Baylor College of Medicine geneticist announced as 2023 Watanabe Prize winner
Nov 15, 2022
INDIANAPOLIS—Huda Zoghbi, MD has been named the 2023 winner of the August M. Watanabe Prize in Translational Research. Zoghbi is a Distinguished Service Professor at Baylor College of Medicine, director of the Jan and Dan Duncan Neurological Research Institute at Texas Children’s Hospital and an investigator with Howard Hughes Medical Institute. She will be honored at the 2023 Indiana Clinical and Translational Sciences Institute (CTSI) Annual Meeting on Friday, September 22, 2023.
Zoghbi’s research focuses on patients who are suffering from rare and mysterious disorders, including Rett syndrome. Rett syndrome is a neurodevelopmental disorder caused by a genetic mutation which leads to serious impairment, affecting a child’s ability to walk, talk, eat and breathe. The disorder is usually recognized in girls under the age of two. Zoghbi’s research has also contributed to the understanding of a wide variety of neurological disorders and other diseases including deafness, pediatric brain tumors and sudden infant death syndrome.
“I am deeply humbled by the recognition, given Dr. Watanabe’s legacy and contributions to translational research,” said Zoghbi. “I look forward to sharing my research and connecting with everyone at the Indiana CTSI Annual Meeting next September.”
Zoghbi has received many honors and awards, including election to the National Academy of Sciences (2004), Bristol Myers-Squibb Neuroscience Distinguished Achievement Award (2006), election to the Lebanese Academy of Sciences (2013), Breakthrough Prize in Life Sciences (2017), election to the American Academy of Arts and Sciences (2018), election to the National Academy of Inventors (2019), the Brain Prize (2020) and Kavli Prize in Neuroscience (2022).
“We are delighted to welcome Dr. Zoghbi to our campus next fall,” said Tatiana Foroud, PhD, executive associate dean for research affairs at IU School of Medicine. “Our researchers from across the state of Indiana will be able to learn a great deal by hearing about her broad range of expertise across the translational spectrum.”
Paul Klotman, MD nominated Zoghbi for the Watanabe Prize. Klotman is the president and CEO of Baylor College of Medicine, where Zoghbi is a distinguished service professor.
“Dr. Zoghbi has a remarkable gift for studying rare diseases in children to change the way we think about major human diseases,” said Klotman, who is also the executive dean at Baylor College of Medicine. “Her best-known work is in the area of neurology: adult-onset neurodegenerative conditions and postnatal-onset neurodevelopmental disorders. Without a doubt, her work has pointed the way to new treatments for these devastating disorders.”
In addition to her other achievements, Zoghbi co-discovered the gene for spinocerebellar ataxia type 1 (SCA1), a progressive condition which affects a person’s ability to move and balance. As an investigator at the Howard Hughes Medical Institute, a nonprofit research organization which aims to advance basic biomedical research and science education to benefit humanity, Zoghbi’s team is looking for ways to reduce abnormal proteins that accumulate in degenerative conditions, such as Alzheimer’s disease.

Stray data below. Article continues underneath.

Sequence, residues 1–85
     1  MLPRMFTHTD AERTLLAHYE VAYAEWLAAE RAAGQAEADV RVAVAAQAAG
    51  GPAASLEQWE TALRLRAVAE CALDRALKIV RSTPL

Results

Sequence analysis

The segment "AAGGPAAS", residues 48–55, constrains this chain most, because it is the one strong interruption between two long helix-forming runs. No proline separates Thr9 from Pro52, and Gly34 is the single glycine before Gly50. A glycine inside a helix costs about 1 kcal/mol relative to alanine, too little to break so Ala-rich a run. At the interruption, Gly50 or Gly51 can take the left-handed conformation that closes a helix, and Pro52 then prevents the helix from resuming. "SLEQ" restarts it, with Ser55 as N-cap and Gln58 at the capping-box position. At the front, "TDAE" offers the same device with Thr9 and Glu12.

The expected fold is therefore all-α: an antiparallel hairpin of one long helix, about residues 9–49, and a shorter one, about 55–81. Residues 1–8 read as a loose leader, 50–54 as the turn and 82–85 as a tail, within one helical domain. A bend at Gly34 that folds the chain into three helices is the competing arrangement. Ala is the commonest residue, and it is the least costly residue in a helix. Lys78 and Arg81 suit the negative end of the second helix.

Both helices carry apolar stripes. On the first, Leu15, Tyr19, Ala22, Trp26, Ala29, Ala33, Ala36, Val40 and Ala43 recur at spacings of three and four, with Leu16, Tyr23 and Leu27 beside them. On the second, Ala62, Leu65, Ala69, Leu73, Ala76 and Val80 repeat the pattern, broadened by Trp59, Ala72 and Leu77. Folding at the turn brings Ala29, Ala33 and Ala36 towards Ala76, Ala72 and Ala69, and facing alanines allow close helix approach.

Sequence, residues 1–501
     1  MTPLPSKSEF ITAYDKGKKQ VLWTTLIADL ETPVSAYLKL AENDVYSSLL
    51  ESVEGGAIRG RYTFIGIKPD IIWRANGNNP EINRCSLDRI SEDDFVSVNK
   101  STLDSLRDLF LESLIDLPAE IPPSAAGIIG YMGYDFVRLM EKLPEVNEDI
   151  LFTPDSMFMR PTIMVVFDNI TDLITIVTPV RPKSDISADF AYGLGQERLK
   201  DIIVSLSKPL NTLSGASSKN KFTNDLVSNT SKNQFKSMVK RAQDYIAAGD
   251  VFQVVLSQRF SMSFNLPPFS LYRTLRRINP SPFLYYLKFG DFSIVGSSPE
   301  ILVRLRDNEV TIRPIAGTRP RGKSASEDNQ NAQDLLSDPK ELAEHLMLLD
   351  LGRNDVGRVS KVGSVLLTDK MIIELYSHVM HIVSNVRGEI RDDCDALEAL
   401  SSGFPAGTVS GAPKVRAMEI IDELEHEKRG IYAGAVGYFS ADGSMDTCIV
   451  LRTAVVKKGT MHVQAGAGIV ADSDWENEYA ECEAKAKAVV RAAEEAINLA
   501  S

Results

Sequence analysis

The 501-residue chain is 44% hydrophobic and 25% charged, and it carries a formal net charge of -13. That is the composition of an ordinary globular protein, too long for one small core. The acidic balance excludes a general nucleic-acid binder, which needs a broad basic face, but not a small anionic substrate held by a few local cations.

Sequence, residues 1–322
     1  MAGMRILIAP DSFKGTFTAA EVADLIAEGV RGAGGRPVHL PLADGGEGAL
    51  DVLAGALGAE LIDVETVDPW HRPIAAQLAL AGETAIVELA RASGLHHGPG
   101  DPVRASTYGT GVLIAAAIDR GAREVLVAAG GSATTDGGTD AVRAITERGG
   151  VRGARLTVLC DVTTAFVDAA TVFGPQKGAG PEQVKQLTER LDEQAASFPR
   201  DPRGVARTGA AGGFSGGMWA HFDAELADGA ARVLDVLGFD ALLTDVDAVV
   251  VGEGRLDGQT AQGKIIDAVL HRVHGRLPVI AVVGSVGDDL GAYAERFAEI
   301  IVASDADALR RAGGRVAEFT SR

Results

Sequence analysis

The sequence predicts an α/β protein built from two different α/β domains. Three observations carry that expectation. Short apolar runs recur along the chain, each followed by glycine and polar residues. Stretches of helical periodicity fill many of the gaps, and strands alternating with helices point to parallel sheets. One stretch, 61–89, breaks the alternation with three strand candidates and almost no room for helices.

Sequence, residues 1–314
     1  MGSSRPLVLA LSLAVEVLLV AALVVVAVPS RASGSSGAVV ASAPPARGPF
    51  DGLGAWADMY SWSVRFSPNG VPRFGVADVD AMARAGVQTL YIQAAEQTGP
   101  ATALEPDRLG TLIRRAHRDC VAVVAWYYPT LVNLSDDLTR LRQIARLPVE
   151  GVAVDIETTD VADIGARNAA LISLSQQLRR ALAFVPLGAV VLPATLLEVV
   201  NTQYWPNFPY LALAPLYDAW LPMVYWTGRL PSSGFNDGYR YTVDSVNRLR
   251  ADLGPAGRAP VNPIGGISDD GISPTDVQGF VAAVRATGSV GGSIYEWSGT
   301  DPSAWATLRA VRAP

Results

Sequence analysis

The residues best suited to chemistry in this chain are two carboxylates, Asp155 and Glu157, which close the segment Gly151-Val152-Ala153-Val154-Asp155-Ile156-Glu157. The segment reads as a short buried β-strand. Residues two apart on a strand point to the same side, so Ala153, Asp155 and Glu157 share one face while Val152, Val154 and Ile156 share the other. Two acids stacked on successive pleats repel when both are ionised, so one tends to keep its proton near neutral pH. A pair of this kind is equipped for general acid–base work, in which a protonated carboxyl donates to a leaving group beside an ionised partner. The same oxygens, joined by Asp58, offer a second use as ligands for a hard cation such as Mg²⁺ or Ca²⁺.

As winner of the Watanabe Prize, Zoghbi will be the keynote speaker at the 2023 Indiana CTSI Annual Meeting, which will be focused on neurological disorders.
The Watanabe Prize is one of the nation’s largest and most prestigious awards recognizing individuals focused on shepherding scientific discoveries into new therapies for patients. The prize is awarded to a senior investigator who has made a significant contribution to the field of translational science. It is named in honor of the late August M. Watanabe, a titan in the field of translational research in both academia and industry who impacted the health of people around the world as a leader at Indiana University School of Medicine and Eli Lilly and Company.
Watanabe began his career at Indiana University in 1972 and served as chair of the Department of Medicine from 1983 to 1990. From there, he joined Eli Lilly and Company, where he was ultimately named executive vice president, overseeing the launch of 11 drugs and doubling the size of Lilly’s research and development organization.
Past Watanabe Prize recipients include Adrian R. Krainer, PhD (2022); Nancy J. Brown, MD (2021); Brian Druker, MD (2020); David Holtzman, MD (2019); Jean Bennett, MD, PhD (2018); Robert J. Lefkowitz, MD (2016); Carl H. June, MD (2015); and Tadataka Yamada, MD (2013).
About the Indiana Clinical and Translational Sciences Institute
The Indiana Clinical and Translational Sciences Institute (CTSI) brings together the state’s brightest minds to solve Indiana’s most pressing health challenges through research. It is a statewide partnership among Indiana University, Purdue University, the University of Notre Dame and the Regenstrief Institute collaborating with numerous life sciences businesses, government entities, and community organizations. The Indiana CTSI engages with the public at every level of research—from basic science to patient care. It has been continuously funded by multimillion-dollar grants from the National Institutes of Health since the Indiana CTSI’s founding in 2008 and is housed at the Indiana University School of Medicine. For more information, visit indianactsi.org.
About Indiana University School of Medicine
Indiana University School of Medicine is the largest medical school in the United States and is annually ranked among the top medical schools in the nation by U.S. News & World Report. The school offers high-quality medical education, access to leading medical research and rich campus life in nine Indiana cities, including rural and urban locations consistently recognized for livability.